“In Spirit + Structure”: Faith as Subject, Object, and Personal Identity at the Arts Incubator

In Nathan Miller’s first solo exhibition, “In Spirit + Structure,” currently on display at the Arts Incubator Gallery, the artist uses photography, sculpture, sound and installation to represent his relationship with faith.

By Lynn Chong

It is always a pleasant experience to walk into the Arts Incubator Gallery. A cozy corner space just across from the Garfield Green Line station, the venue welcomes the pedestrian with its glass walls, artworks, and sense of community. Walking by the gallery today, you will see Chicago-area artist Nathan Miller’s first solo exhibition, In Spirit + Structure. Using photography, sculpture, sound, and installation, Miller explores faith and his personal relationship with it. Throughout the exhibition, the Black Church serves as the subject and context through which Miller’s exploration is communicated.

The audience is welcomed into the gallery space by a direct view of a giant church fan—often given out to church members before the start of service. By enlarging this hand fan to a body-sized sculpture, Miller transforms the nostalgic item into a symbol of community, camaraderie, and tradition, bound together and preserved through shared faith. This meaning becomes twofold with a closer examination of the photo presented on the fan: two Black girls in pink dresses staring elegantly into the distance. It was a common practice for church fans to be decorated with images of upper-middle-class Black families as a symbol of hope.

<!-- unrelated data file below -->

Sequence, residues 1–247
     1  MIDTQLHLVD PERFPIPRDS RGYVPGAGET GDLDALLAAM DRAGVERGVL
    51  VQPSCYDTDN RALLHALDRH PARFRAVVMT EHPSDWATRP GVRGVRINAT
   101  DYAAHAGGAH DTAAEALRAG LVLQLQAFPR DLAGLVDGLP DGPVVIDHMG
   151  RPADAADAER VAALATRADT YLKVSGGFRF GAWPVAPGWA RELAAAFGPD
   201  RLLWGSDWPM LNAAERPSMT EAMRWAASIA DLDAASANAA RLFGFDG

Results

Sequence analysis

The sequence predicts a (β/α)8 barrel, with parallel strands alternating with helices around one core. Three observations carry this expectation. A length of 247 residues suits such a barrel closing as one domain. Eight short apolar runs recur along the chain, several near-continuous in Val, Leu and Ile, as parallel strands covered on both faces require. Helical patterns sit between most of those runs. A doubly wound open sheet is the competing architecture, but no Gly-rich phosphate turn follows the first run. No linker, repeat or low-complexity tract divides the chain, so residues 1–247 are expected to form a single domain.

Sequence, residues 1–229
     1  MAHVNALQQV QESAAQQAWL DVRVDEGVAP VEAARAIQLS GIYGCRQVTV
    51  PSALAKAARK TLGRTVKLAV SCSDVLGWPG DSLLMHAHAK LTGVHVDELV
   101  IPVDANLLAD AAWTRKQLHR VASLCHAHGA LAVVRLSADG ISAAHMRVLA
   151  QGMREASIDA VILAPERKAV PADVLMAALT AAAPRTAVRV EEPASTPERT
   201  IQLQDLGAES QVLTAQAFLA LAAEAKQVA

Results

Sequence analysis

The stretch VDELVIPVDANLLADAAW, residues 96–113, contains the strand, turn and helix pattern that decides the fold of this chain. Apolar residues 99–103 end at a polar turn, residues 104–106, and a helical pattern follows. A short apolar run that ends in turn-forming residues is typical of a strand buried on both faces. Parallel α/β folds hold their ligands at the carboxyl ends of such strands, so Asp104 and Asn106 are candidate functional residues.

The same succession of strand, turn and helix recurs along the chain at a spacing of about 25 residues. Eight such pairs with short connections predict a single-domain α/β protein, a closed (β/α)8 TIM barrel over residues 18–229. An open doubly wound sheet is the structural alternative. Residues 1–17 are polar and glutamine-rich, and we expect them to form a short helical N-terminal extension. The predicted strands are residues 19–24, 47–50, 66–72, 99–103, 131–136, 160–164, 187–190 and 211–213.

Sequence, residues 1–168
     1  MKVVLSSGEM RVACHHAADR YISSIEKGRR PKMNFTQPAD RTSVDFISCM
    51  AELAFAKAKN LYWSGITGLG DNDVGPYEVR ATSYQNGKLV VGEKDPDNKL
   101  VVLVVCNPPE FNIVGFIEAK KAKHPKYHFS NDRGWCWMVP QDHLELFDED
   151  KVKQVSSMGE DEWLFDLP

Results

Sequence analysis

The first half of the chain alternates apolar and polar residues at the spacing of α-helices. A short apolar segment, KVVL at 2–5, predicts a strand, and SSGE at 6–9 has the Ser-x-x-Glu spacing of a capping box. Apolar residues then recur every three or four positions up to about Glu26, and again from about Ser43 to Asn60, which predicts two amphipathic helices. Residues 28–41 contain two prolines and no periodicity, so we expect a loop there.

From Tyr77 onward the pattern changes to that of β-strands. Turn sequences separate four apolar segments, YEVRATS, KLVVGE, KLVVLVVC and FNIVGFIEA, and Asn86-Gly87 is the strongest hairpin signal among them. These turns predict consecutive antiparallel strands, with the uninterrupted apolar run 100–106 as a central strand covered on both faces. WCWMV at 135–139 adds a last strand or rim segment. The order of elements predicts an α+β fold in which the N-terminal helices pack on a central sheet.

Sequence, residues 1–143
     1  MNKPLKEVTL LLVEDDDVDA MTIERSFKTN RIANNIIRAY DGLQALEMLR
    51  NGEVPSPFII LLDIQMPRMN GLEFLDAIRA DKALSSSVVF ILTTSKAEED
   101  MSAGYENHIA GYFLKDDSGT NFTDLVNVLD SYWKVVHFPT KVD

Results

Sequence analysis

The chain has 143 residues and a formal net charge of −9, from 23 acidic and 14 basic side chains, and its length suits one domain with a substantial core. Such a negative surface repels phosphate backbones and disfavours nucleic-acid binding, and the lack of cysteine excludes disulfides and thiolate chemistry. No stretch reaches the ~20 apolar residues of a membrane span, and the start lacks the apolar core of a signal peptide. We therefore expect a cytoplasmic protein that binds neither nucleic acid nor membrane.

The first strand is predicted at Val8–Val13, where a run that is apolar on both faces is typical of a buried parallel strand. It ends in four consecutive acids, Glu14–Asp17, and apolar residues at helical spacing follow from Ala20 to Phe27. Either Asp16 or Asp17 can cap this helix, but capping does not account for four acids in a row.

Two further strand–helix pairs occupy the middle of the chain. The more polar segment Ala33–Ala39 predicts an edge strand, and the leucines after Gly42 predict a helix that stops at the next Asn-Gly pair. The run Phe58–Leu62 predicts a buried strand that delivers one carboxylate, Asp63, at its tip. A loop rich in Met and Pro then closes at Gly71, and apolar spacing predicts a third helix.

Miller’s photography is amazingly intentional and tactile. “Communion Sunday” (2017), the cover image of the exhibition, is a photograph of Miller’s muse, a deacon at his church. Seemingly a simple portrait of this graceful lady, the image is strengthened by its detailed attention to the texture of the woman's purse, white dress, stockings, and hat. There is added drama as this monochromatic look is once again contrasted—as a whole—with the dark, brick backdrop. Together, the portrait becomes an expression of grace, strength, and resilience, as well as of Miller’s personal reverence for his muse.

Some works are harder to swallow than others. In “Glory” (2016), Miller explores the relationship between slavery and the Black Church. The presiding image is that of a house (perhaps a church building), with a circle on the top that is reminiscent of a halo. However, this architecture is seemingly erected upon horse or donkey legs standing on malleable, uneven ground. Simultaneously expressing a sense of rigidity and flexibility, Miller grapples with the irony and paradox imbued in the walk of faith. Similarly, “Elijah’s Church Marquee” (2017)—a handmade marquee dedicated to Miller’s friend who was shot—adds gravity to the exhibition by confronting the continuation of tragedy, even within the presence of faith and sacredness.

Nathan Miller’s ruminations on faith and the sacred is deeply philosophical, yet the personal reflections weaved within create an inviting aura that enable the viewer to emotionally and intellectually engage with the works. Despite his specific subject, Miller’s work does not isolate itself; instead, it creates a space for collective reflection and empathetic conversation.

In Spirit + Structure is open until November 22, 2019 at the Arts Incubator Gallery.